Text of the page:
DOWNERS GROVE – In an effort to promote safety, the Downers Grove Village Council will consider an intergovernmental agreement between the village and Community High School District 99 designed to improve several pedestrian crosswalks near Downers Grove North and South high schools.
The initiative comes on the heels of a tragic accident that killed 17-year-old Beth Dunlap, a junior at Downers Grove North.
Joseph Kucharski of Naperville was charged with nine counts of aggravated DUI and two counts of reckless homicide after he allegedly struck and killed Dunlap in front of Downers Grove North High School.
Authorities said Kucharski was under the influence of drugs and alcohol the morning of Feb. 19 when he drove through the intersection of Main and Grant streets, striking and fatally injuring Dunlap.
Kucharski faces three to 14 years in prison if convicted of the charges, to which he has pleaded not guilty.
The incident left community members and District 99 families devastated and in mourning, but “out of that came a lot of ideas from students, staff [and] residents of ways we could improve safety around the schools,” District 99 Superintendent Hank Thiele said.
At the July 2 Village Council meeting, Public Works Director Nan Newlon led the discussion on the project, which kicks off with a traffic study that will analyze the major intersections at both of the high schools’ campuses. The village and District 99 already have selected Sam Schwartz Engineering, a transportation consulting firm with six offices across the country including Chicago.
“The most effective way to move forward is to engage [with] a consultant who’s an expert in pedestrian and vehicular community engagement,” Newlon said of the village and district’s collective decision to choose Sam Schwartz. “These are not skills necessarily present in every consulting engineering practice. It’s something we actively sought out in the Chicago area.”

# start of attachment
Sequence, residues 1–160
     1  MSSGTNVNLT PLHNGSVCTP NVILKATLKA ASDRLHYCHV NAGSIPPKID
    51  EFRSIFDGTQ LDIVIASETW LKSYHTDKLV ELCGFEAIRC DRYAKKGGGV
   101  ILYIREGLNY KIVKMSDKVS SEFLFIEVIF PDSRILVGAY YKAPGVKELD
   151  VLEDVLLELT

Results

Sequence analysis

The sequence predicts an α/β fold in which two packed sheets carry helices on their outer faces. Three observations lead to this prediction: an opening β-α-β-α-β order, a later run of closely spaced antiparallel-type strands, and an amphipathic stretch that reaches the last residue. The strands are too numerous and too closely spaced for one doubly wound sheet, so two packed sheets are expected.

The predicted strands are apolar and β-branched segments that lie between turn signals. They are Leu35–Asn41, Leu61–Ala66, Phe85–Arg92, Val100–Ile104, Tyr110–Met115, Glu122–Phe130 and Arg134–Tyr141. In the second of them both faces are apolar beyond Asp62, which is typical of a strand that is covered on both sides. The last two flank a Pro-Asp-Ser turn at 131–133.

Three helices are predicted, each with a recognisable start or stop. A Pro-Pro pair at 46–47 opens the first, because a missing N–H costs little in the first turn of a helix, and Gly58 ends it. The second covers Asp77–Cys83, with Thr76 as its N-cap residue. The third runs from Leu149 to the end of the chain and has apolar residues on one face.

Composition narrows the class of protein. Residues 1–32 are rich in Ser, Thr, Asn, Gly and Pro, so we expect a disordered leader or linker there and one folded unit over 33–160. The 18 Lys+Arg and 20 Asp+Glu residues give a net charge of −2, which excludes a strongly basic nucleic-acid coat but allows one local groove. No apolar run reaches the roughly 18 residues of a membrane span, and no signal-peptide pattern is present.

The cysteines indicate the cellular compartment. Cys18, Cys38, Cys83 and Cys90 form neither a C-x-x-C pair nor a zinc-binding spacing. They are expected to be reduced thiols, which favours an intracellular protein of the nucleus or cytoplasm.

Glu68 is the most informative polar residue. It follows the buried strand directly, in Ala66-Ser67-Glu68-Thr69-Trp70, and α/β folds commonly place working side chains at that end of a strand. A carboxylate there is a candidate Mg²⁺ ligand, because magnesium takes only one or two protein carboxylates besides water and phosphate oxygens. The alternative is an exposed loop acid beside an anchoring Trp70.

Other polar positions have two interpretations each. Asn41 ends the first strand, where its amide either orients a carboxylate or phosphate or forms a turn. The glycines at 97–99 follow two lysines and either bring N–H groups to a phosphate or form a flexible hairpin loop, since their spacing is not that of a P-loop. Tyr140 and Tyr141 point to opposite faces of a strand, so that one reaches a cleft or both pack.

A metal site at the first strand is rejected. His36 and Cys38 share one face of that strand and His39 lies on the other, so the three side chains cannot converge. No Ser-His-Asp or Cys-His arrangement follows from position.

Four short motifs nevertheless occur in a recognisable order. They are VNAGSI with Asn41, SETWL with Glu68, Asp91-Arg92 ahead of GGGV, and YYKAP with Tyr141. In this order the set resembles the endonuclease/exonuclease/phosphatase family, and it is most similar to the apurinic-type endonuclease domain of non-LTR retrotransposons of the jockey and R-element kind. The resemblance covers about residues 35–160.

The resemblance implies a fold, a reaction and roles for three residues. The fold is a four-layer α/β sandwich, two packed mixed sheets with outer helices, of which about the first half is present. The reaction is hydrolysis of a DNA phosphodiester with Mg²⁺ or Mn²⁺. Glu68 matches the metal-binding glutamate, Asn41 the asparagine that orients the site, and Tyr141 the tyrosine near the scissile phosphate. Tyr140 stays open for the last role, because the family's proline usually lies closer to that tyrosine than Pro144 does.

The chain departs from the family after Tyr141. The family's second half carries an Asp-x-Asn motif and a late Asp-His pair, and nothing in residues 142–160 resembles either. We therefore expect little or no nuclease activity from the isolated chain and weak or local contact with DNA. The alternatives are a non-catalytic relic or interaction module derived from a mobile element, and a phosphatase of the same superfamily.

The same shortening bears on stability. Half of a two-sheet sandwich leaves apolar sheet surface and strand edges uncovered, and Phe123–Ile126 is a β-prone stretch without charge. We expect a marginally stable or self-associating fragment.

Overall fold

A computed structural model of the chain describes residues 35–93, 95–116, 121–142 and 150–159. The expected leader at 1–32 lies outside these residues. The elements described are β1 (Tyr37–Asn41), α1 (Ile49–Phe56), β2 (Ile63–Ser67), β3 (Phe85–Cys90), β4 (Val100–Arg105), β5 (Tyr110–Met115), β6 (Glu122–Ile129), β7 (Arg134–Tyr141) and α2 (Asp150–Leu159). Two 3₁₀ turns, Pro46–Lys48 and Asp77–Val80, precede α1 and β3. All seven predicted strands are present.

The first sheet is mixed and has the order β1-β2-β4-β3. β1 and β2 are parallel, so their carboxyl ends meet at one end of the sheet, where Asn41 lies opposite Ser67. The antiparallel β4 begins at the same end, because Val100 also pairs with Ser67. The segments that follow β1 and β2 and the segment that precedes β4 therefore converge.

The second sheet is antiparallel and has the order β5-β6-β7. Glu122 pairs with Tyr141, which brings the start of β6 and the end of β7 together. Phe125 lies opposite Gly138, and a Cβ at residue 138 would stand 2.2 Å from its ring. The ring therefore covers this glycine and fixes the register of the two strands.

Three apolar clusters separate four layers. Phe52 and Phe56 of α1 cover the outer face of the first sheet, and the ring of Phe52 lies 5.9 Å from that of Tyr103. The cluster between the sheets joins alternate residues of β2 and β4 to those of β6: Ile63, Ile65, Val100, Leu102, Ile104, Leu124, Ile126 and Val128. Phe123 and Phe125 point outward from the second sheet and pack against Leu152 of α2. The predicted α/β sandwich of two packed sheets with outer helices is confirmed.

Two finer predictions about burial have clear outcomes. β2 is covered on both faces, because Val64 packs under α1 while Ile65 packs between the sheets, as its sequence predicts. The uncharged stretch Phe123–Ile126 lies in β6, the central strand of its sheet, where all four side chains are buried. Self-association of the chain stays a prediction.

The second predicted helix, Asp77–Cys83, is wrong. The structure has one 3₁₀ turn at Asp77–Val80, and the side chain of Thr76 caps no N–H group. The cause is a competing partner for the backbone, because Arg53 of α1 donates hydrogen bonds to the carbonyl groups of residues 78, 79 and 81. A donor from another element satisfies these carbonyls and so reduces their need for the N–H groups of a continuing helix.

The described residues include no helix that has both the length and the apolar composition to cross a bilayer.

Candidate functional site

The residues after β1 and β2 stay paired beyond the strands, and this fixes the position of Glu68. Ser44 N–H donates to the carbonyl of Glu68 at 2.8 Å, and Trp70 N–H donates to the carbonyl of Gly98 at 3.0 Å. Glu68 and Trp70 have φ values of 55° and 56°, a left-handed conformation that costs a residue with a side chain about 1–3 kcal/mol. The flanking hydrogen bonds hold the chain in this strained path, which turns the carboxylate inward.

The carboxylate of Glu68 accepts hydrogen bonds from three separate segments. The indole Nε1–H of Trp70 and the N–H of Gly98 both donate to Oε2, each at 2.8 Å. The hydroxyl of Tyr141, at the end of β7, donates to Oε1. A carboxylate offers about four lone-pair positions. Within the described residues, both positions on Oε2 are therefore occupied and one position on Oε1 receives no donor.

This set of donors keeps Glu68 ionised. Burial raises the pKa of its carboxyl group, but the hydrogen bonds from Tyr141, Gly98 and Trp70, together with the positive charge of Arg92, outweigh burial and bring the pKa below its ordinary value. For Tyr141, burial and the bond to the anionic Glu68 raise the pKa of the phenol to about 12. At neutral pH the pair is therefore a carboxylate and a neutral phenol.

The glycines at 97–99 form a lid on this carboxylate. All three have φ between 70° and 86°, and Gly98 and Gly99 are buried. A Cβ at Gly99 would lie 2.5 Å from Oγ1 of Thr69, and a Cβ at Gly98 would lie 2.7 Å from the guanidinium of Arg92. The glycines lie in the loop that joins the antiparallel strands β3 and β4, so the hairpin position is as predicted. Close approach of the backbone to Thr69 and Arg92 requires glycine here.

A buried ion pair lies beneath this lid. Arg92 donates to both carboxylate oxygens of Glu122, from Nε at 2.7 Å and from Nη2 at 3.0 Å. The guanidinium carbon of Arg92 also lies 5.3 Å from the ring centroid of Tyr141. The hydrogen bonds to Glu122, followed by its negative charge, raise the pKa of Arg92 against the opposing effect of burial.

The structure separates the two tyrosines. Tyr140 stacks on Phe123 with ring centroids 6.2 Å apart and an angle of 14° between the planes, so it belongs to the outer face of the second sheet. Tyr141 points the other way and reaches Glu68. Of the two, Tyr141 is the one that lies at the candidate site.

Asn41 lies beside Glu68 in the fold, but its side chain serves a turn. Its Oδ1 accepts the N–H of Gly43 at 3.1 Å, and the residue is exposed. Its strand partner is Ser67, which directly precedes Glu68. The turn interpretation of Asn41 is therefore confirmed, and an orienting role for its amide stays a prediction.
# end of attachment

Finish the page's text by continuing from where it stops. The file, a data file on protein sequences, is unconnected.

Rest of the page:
Newlon narrowed down the study’s focus areas. At Downers Grove North, all eyes will be on Main Street from Ogden Avenue to Lincoln Street. Along that corridor, Newlon said, there are only two intersections that have traffic signals: Main Street and Ogden Avenue and Main and Grant streets.
Meanwhile at Downers Grove South, 63rd Street – which intersects with Dunham Road, Springside Avenue and Main Street – will be analyzed.
If the proposed intergovernmental agreement is approved by the council and the District 99 Board of Education, both entities will share the cost of the project. So far, the village has proposed a contract not to exceed $81,070 with Sam Schwartz. That fee will be divided evenly between the two, amounting to $40,535 each. Some of the traffic studies have begun and reports could be up for review by the fall of 2019, officials said.
In addition, the village and District 99 plan to host public meetings, open houses, online surveys and student-focused activities to gather more data and input from Downers Grove residents.
“That will really be the heart of the project – the community engagement,” Newlon said.
Echoing Newton’s sentiments, Thiele spoke to the importance of a partnership between the village and the school district. In order to continue building a safer environment for students and faculty, Thiele and his colleagues looked to join forces with the village to have a better understanding of how to move forward with a construction project like this one.
“We’re just trying to take a scientific approach to this and make sure that we’re investing the time and money and resources into something that would make a difference,” Thiele said.
The council was expected to vote on the intergovernmental agreement at the July 9 meeting, while the Board of Education plans to take action on the matter at a meeting slated for July 15.
“That’s our tradition here in District 99,” Thiele said. “We’re open and collaborative with the community in solving challenges.”